Dante escorted me to the dance floor for the first set, a tango—the style of music that’s most associated with Argentine tango. All passion and pathos, and everything’s unrequited. It’s the kind of music that makes you want to put a knife through your heart right after you pulled it out of someone else’s.  But because of, or in spite of its theatricality, we hammed it up a bit and engaged in a little pre-dance play-acting, my femme fatale to his debonair. I’m at ease with tango’s defined lead/follow roles. To be in the arms of a strong, capable, leading man, and to then interpret (not follow) his lead can be thrilling. I’m often reminded of my mother’s shorthand, gender studies proclamation “vive la differénce!” The four-song rapture ended and as no crimes of passion were committed, we collected ourselves and waited for the music to begin again.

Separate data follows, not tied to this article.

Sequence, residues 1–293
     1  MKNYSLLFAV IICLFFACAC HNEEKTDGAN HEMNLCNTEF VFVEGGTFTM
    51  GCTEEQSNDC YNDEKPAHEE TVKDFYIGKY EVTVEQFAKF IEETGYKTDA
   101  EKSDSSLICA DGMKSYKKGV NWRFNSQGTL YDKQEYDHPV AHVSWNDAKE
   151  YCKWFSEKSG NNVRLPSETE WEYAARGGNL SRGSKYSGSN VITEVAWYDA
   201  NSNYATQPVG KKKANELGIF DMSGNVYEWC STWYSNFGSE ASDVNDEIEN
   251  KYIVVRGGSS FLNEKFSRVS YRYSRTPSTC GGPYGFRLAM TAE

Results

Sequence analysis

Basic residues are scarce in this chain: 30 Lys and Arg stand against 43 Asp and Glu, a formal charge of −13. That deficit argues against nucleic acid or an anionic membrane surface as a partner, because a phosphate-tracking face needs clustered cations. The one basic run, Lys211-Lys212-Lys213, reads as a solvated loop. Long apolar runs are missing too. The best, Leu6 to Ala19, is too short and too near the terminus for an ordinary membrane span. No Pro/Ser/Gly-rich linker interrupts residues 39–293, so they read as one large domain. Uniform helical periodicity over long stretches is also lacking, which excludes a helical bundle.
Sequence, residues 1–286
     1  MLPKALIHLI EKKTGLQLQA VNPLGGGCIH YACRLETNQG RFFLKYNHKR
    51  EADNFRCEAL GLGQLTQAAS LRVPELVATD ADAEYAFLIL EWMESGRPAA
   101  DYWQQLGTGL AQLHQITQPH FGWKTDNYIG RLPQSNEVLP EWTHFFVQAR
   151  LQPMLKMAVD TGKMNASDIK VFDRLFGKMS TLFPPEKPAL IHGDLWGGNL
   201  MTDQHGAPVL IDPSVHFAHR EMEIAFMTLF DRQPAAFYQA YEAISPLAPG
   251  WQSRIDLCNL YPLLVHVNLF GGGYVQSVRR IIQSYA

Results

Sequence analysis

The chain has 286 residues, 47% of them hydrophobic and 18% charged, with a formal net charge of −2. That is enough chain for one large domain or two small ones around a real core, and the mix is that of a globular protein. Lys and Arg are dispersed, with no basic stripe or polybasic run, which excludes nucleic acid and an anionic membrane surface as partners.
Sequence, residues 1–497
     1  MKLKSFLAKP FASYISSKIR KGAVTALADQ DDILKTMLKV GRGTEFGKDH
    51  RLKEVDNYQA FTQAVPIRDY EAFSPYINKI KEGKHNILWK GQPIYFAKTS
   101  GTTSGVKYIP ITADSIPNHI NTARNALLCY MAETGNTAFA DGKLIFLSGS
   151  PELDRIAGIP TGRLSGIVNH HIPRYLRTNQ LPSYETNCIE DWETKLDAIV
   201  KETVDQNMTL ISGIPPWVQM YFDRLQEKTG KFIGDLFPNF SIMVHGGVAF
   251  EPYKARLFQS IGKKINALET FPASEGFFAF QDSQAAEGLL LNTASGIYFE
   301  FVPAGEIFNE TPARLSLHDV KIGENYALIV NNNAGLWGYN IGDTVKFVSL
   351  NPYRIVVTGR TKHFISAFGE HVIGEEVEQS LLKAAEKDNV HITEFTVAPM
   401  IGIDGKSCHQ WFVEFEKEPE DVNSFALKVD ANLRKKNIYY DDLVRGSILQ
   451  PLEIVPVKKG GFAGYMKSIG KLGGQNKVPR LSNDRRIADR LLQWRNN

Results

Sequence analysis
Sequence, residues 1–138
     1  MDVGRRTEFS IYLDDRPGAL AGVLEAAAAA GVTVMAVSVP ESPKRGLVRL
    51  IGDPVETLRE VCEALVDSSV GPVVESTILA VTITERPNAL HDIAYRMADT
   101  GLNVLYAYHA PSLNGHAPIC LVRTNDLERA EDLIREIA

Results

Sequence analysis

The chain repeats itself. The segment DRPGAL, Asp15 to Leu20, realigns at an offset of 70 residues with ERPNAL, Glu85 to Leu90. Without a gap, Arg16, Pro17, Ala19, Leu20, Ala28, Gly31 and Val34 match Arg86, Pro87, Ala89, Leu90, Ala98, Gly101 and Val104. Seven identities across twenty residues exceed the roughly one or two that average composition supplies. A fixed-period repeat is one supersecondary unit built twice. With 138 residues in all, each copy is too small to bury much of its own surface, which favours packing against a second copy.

The next set was a vals tanda (waltz set). In the refuge of his embrace, watching the moonrise over his right shoulder, we danced, skipped, flowed and played, around and around again, to the seductive, rhythmic three-count melodies. The music was from the Golden Age of Tango, from the 1930s. It had the nostalgia of a Hollywood musical, all Fred and Ginger—and Dante made sure to throw in a dash of Gene.